You will probably feel relieved when you have finally completed treatment to get rid of the cancer. But you may find yourself worrying about whether it has worked and what might happen in the future. It’s natural to feel like this.
For many people, treatment will cure the cancer and it will never come back. Some people may want to know if they need to wait a number of years to be confident the cancer is cured. Or they may ask if there is a time when the cancer is more likely to come back and what can be done if it does.
Even when your doctor is reassuring, it’s normal to still worry. Most people who have been through cancer treatment live with some worry and uncertainty. This doesn’t mean they are not coping with life after treatment.
However, some people find it harder to cope with feelings of uncertainty. They may feel as if they have very little control over their lives. How uncertain or worried you are can depend on things such as your age, whether you have ongoing treatment side effects, and how you deal with life in general.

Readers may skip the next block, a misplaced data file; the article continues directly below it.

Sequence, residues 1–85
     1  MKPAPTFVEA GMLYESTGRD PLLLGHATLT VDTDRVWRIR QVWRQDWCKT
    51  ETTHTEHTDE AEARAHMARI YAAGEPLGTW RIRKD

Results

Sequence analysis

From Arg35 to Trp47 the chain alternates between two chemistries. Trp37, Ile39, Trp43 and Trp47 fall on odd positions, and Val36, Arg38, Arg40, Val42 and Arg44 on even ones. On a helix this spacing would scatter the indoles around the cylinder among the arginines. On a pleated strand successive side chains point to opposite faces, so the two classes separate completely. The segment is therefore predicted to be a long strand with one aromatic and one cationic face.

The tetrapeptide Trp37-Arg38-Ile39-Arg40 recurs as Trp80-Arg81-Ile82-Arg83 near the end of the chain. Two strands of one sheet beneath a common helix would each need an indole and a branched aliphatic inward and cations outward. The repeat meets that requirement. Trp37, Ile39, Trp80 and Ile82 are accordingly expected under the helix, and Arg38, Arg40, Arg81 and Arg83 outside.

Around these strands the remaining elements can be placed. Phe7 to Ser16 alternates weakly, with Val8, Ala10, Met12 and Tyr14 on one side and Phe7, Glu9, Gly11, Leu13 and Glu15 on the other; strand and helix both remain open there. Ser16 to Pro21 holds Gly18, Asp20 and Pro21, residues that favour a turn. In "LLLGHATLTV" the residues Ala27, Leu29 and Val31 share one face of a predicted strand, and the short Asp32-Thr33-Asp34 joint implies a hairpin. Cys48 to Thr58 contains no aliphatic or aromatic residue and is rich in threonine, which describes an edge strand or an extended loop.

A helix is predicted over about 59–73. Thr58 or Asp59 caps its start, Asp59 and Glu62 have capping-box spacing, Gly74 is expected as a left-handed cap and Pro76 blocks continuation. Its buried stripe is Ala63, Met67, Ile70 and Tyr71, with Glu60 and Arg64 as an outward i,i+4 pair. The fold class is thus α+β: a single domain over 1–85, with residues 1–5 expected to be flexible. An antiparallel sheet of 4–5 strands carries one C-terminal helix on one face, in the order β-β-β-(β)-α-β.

Coping with these feelings
There are ways to help you manage worry and uncertainty. Realising that you will always have some of these feelings can be a good place to start. This may be hard and can take time, but there are people who can help you with this.
Focusing on what you can control right now is one way of managing your worries. It can help you to stop dwelling on future ‘what ifs’. Rather than worrying about things that may never happen, concentrate on what you can influence and do now. This can include:
- talking about your feelings
- getting support
- becoming more involved in your own care
- following advice from your cancer team
- focusing on your well-being
- knowing when you need help withoverwhelming feelings and where to get it.
When we talk about your cancer team we mean the main people that have been involved in your cancer care. This usually includes your cancer doctor (oncologist), surgeon, specialist nurse, or other health professionals such as your physiotherapist, pharmacist, or dietitian.
Some of the suggestions we make may not fit in with your way of coping. There are no right and wrong ways to cope. You can adapt the suggestions in the ways that you find most helpful.